OVERNIGHT HEALTHCARE: Two states win approval for ObamaCare backup

Both Delaware and Pennsylvania have won approval from the federal government to pursue backup plans to save their ObamaCare subsidies if the healthcare law loses in court this month.

The two states have been "conditionally approved" to set up their own healthcare marketplaces, the Centers for Medicare and Medicaid Services (CMS) announced late Monday.

It is the administration's biggest step to date related to contingency planning for the high-stakes court case, and sends an important signal to the dozens of other states that may consider setting up an exchange in order to save their subsidies.

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Delaware and Pennsylvania are among the estimated 34 states that stand to lose healthcare subsidies if the Supreme Court rules against ObamaCare this month in King v. Burwell. They are the only two states to have submitted contingency plans for the ruling.

If the Obama administration loses in the case, any state that does not run its own marketplace – also known as an exchange – would no longer be able to hand out subsidies to people buying healthcare. Read more here

HILLARY PROPOSES OBAMACARE FIXES Hillary ClintonHillary Diane Rodham ClintonChelsea Clinton working on new children’s book about endangered animals GOP Sen. Lamar Alexander won't seek reelection GOP rep says there was a double standard in Flynn, Clinton probes MORE says she will propose fixes for ObamaCare over the course of her presidential campaign, even as she strongly defends the law as a whole. 

In an interview with The Des Moines Register published on Sunday, she cited the "family glitch," which prevents some low-income families from qualifying for subsidies under the law as one example of something she would seek to fix.

Some low-income families don't qualify for subsidies because the definition of "affordable" employer-based coverage only takes into account the cost of individual plans and not family plans.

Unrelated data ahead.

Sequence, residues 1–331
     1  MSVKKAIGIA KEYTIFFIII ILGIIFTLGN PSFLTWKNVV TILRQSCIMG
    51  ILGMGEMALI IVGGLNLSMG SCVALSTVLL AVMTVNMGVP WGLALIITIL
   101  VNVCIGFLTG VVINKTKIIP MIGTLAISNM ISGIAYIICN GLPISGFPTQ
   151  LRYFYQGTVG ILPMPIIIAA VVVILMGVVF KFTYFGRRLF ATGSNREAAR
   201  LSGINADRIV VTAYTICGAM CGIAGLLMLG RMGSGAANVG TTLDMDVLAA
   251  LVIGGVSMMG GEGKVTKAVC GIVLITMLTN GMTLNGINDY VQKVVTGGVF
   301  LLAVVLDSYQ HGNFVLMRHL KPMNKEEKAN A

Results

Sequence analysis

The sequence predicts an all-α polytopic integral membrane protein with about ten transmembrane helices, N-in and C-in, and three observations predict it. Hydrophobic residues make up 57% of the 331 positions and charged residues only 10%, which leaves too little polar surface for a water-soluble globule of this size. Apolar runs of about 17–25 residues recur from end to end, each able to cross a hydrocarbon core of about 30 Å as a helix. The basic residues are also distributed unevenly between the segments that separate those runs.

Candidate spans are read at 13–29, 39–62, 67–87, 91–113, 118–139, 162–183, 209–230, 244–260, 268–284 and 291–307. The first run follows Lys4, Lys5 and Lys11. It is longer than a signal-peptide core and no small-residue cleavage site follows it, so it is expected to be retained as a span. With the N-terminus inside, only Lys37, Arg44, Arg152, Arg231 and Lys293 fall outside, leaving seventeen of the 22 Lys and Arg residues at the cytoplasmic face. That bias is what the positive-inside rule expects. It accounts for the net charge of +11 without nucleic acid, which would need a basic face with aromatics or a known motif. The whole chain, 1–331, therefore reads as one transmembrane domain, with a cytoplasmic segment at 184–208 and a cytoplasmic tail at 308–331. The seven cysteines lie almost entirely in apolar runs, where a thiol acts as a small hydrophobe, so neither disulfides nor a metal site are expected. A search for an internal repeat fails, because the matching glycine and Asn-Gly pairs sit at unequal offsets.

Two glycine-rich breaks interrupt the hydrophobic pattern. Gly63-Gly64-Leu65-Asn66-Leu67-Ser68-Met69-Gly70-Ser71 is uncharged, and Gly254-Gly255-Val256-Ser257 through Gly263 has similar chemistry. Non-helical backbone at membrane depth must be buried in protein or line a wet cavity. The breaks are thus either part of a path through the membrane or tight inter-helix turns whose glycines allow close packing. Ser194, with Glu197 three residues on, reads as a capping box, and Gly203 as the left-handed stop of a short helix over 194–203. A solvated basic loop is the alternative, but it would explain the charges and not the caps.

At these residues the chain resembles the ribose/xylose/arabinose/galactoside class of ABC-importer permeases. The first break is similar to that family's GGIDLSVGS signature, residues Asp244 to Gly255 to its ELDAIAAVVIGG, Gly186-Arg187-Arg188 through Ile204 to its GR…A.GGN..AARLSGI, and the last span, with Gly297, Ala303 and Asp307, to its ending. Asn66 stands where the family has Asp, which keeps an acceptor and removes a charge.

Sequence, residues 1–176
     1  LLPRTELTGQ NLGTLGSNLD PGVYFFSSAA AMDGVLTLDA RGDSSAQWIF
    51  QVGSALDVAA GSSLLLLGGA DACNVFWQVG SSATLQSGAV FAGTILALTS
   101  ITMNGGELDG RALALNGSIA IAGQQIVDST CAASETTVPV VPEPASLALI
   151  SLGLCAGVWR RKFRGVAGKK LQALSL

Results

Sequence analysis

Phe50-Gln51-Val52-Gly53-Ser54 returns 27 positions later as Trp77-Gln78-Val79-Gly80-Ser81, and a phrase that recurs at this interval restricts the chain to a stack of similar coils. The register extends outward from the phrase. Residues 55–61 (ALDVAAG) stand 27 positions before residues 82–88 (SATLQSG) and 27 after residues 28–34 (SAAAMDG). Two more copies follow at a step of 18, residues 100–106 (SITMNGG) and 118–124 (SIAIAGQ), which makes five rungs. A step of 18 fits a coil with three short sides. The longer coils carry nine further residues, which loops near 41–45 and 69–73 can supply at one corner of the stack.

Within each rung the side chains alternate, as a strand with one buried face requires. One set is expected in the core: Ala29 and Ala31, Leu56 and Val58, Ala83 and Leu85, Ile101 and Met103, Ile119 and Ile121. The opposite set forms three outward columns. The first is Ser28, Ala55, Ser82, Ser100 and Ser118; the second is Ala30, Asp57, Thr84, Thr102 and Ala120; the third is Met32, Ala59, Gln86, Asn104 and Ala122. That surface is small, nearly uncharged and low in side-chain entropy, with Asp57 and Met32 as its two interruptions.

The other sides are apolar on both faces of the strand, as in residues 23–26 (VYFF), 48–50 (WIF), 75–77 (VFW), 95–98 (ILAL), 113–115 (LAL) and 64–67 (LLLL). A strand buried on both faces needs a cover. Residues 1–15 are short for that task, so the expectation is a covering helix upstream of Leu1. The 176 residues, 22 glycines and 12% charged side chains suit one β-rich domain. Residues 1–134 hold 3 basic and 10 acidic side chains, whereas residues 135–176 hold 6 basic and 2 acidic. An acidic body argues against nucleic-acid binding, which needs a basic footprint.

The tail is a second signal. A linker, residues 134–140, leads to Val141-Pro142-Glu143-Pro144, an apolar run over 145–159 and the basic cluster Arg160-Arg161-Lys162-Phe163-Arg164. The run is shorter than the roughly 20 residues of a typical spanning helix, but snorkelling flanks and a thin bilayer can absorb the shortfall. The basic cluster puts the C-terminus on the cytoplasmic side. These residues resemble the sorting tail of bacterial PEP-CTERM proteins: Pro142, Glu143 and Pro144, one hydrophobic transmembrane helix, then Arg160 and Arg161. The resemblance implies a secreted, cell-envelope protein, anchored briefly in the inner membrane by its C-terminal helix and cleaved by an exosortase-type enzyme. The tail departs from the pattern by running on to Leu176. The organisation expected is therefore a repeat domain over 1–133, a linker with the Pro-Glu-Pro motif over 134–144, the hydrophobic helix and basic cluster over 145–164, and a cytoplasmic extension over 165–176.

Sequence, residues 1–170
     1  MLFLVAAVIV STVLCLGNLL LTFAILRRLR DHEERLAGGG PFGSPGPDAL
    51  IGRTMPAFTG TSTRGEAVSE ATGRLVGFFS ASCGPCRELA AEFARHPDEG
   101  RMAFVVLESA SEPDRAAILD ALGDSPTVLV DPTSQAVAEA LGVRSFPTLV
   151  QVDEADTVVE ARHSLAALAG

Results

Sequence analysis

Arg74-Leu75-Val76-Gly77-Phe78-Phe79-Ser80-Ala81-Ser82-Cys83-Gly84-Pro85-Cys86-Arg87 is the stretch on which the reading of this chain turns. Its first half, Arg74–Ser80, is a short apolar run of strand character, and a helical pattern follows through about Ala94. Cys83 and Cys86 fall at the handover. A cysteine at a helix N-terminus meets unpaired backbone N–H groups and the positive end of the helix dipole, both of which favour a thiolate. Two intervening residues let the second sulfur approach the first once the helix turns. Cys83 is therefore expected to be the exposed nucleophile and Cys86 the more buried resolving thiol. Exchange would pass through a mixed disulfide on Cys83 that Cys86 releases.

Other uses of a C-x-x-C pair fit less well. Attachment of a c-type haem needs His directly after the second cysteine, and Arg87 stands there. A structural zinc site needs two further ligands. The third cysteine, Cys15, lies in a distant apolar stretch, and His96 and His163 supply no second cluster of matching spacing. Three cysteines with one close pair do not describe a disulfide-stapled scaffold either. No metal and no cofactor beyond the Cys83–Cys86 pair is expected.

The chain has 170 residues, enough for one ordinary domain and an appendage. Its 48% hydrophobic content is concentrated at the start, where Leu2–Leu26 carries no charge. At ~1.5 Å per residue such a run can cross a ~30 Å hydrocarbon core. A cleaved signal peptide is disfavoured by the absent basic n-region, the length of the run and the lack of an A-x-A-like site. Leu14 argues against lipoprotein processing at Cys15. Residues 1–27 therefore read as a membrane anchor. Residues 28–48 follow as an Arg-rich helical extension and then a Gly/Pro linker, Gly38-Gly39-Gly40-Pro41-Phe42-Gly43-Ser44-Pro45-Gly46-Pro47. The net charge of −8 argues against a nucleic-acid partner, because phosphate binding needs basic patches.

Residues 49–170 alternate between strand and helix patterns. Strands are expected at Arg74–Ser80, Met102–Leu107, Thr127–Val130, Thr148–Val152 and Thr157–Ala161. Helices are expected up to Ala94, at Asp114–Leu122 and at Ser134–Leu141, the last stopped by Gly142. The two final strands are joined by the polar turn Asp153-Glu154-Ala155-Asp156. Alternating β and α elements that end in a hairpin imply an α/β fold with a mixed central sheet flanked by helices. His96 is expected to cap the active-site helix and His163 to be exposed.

She also called for fixes to "deal with the high cost of deductibles that put such a burden on so many working families," as well as to deal with "the exploding cost of drugs, particularly the so-called specialty drugs."

The law's high deductibles -- the amount one has to pay before insurance kicks in -- have been a source of criticism. 

An analysis from the consulting firm HealthPocket found that last year the average deductible for a silver plan was $2,907, more than twice as much as the average deductible in an employer-sponsored plan.

In pointing to specialty drugs, aimed at serious, complex conditions, Clinton also raises a point on which some have sounded the alarm. There has been much attention, for example, on Sovaldi, a new cure for hepatitis C that costs $1,000 per pill, or $84,000 for a 12-week treatment. Read more here.  

FORMER HHS OFFICIALS PRESENT BACKUP PLAN: If the Supreme Court rules against ObamaCare this month, there's a good chance that Congress and the administration won't agree on a way to keep those subsidies flowing.  

Instead, a group of former Bush officials are putting forward the terms of what they think could be a grand bargain for states to keep subsidies while also demanding changes to ObamaCare rules.

Notably, the group of officials – led by former Health and Human Services Secretary Michael Leavitt – say it's not an option to let states go without subsidies. 

All states should find ways to restore that federal aid, even if it means launching a state-run exchange, the officials wrote.

"Doing nothing has both political and humanitarian consequences that should be unacceptable to public officials," the group writes. Read more here.

SCOTUS WON'T REVIEW MANDATORY ULTRASOUND LAW: Justices said Monday that they will not challenge previous courts' decisions to strike down a North Carolina law requiring women to "listen to the heartbeat of the unborn child" before receiving abortions.

The law, which was passed in 2011 over the veto of the governor, was considered the most extreme mandatory ultrasound law in the country. Nearly a dozen other states have laws encouraging ultrasounds, though only three require the scan before an abortion. Read more here

 

Tuesday's schedule

House committee leaders will hold a press conference on the 21st Century Cures Act.

Sens. Chuck GrassleyCharles (Chuck) Ernest GrassleyFive takeaways from the court decision striking down ObamaCare The Year Ahead: Tough tests loom for Trump trade agenda Senate heads toward floor fight on criminal justice bill MORE (R-Iowa) and Michael BennetMichael Farrand BennetWould-be 2020 Dem candidates head for the exits The Hill's Morning Report — Presented by T-Mobile — What the Michael Flynn news means California primary threatens to change 2020 game for Dems MORE (D-Colo.) will deliver remarks as part of the Children's Hospital Association's Family Advocacy Day.

State by state

Oklahoma GOP officials defend healthcare program they once opposed Medicare panel: Ease rehab coverage for seniors 

What we're reading

Vast data warehouse raises health overhaul privacy concerns 

The voice of opposition past, Justice Kennedy may save ObamaCare now 

CVS Health buys Target Pharmacy Business for $19B 

What you might have missed from The Hill

GOP governor: States can't plausibly save ObamaCare subsidies 

Poll: 81 percent satisfied with ObamaCare plans

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